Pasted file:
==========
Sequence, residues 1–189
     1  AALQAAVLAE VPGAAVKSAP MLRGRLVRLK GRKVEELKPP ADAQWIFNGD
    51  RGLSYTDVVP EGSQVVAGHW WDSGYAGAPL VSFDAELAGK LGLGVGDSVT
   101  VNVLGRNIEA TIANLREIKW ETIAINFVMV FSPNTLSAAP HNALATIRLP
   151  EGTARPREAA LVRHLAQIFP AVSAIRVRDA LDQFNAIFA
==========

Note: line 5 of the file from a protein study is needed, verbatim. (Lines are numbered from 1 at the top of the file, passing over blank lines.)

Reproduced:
   151  EGTARPREAA LVRHLAQIFP AVSAIRVRDA LDQFNAIFA